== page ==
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1.
Lancet Reg Health Eur ; 17: 100393, 2022 Jun.
Article in English | MEDLINE | ID: covidwho-1814915

ABSTRACT

Background: Multisystem inflammatory syndrome in children (MIS-C) is the most severe clinical entity associated with pediatric SARS-CoV-2 infection with a putative role of the spike protein into the immune system activation. Whether COVID-19 mRNA vaccine can induce this complication in children is unknown. We aimed to assess the risk of hyper-inflammatory syndrome following COVID-19 mRNA vaccine in children. Methods: We conducted a post-authorization national population-based surveillance using the French enhanced pharmacovigilance surveillance system for COVID-19 vaccines. All cases of suspected hyper-inflammatory syndrome following COVID-19 mRNA vaccine in 12-17-year-old children between June 15th, 2021 and January 1st, 2022, were reported. Cases were reviewed according to WHO criteria for MIS-C. The reporting rate of this syndrome was compared to the MIS-C rate per 1,000,000 12-17-year-old children infected by SARS-CoV-2. Findings: Up to January 2022, 8,113,058 COVID-19 mRNA vaccine doses were administered to 4,079,234 12-17-year-old children. Among them, 12 presented a hyper-inflammatory syndrome with multisystemic involvement. Main clinical features included male predominance (10/12, 83%), cardiac involvement (10/12, 83%), digestive symptoms (10/12, 83%), coagulopathy (7/12, 58%), cytolytic hepatitis (6/12, 50%), and shock (5/12, 42%). 4/12 (33%) required intensive care unit transfer, and 3/12 (25%) hemodynamic support. All cases recovered. In eight cases, no evidence of previous SARS-CoV-2 infection was found. The reporting rate was 1.5 (95%CI [0.8; 2.6]) per 1,000,000 doses injected, i.e. 2.9 (95%CI [1.5; 5.1]) per 1,000,000 12-17-year-old vaccinated children. As a comparison, 113 MIS-C (95%CI [95; 135]) occurred per 1,000,000 12-17-year-old children infected by SARS-CoV-2. Interpretation: Very few cases of hyper-inflammatory syndrome with multi-organ involvement occurred following COVID-19 mRNA vaccine in 12-17-year-old children. The low reporting rate of this syndrome, compared to the rate of post-SARS-CoV-2 MIS-C in the same age-group, largely supports the vaccination in a context of an important circulation of SARS-CoV-2. Funding: ESPID Fellowship Award; Grandir-Fonds de Solidarité Pour L'enfance.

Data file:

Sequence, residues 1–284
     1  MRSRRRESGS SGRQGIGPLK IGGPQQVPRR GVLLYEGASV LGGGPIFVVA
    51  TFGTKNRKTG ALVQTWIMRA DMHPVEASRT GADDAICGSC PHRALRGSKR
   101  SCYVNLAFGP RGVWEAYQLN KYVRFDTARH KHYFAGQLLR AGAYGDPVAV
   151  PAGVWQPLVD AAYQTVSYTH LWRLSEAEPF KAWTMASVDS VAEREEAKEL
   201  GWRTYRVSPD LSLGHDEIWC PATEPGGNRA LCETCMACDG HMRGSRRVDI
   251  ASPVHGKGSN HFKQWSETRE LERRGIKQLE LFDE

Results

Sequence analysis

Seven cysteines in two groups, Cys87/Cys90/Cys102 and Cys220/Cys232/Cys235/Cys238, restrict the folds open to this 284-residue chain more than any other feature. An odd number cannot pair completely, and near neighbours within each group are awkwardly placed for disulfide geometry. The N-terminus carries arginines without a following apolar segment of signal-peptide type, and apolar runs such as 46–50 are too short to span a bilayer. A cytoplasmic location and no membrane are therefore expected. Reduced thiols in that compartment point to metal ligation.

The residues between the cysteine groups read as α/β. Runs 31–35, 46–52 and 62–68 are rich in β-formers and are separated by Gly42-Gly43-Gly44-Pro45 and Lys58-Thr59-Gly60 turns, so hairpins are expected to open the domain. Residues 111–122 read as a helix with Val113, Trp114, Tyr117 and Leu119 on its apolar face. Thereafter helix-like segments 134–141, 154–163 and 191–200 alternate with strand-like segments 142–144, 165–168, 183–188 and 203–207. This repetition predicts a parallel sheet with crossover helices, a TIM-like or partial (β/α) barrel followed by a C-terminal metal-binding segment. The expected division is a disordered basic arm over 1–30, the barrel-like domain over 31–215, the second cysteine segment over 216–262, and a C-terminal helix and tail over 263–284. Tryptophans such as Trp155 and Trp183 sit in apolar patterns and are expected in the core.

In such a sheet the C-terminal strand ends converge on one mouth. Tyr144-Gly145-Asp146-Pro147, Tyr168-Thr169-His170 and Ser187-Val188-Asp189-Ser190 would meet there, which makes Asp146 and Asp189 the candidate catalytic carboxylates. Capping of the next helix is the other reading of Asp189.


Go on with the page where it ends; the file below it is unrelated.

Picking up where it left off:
2.
J Fungi (Basel) ; 8(3)2022 Mar 03.
Article in English | MEDLINE | ID: covidwho-1732096

ABSTRACT

While COVID-19-associated pulmonary aspergillosis is now well described in developed countries, COVID-19-associated mucormycosis (CAM) has seemed to remain quite rare in Europe. A retrospective study was performed between March 2020 to September 2021 among COVID-19 adult patients in the intensive care unit (ICU) at Toulouse Hospital (Southern France). PCR screening on respiratory samples, which target Aspergillus or Mucorales DNA, were performed, and the number of fungal detections was evaluated monthly during the study period. During the 19 months of the study, 44 (20.3%) COVID-19 ICU patients had a positive PCR for Aspergillus, an overall rate in keeping with the incidence of ICU COVID-19 patients. Ten patients (7.1%) had a positive Mucorales PCR over the same period. Surprisingly, 9/10 had a positive Mucor/Rhizopus PCR in August-September 2021, during the fourth Delta SARS-CoV-2 variant wave. Epidemic investigations have identified a probable environmental cause linked to construction works in the vicinity of the ICU (high levels of airborne spores due to the mistaken interruption of preventive humidification and summer temperature). Even if CAM are apparently rare in Europe, a cluster can also develop in industrialised countries when environmental conditions (especially during construction work) are associated with a high number of COVID-19 patients in the ICU.

3.
EuropePMC; 2020.
Preprint in English | EuropePMC | ID: ppcovidwho-323171

ABSTRACT